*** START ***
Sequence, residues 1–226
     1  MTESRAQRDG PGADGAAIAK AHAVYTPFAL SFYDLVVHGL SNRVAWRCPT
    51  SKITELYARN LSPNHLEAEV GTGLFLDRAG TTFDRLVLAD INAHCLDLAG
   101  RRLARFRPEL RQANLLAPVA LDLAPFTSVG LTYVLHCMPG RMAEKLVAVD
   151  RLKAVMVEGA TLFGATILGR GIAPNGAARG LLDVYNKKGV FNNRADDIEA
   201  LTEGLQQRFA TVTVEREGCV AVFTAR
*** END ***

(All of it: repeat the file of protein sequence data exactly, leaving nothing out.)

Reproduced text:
Sequence, residues 1–226
     1  MTESRAQRDG PGADGAAIAK AHAVYTPFAL SFYDLVVHGL SNRVAWRCPT
    51  SKITELYARN LSPNHLEAEV GTGLFLDRAG TTFDRLVLAD INAHCLDLAG
   101  RRLARFRPEL RQANLLAPVA LDLAPFTSVG LTYVLHCMPG RMAEKLVAVD
   151  RLKAVMVEGA TLFGATILGR GIAPNGAARG LLDVYNKKGV FNNRADDIEA
   201  LTEGLQQRFA TVTVEREGCV AVFTAR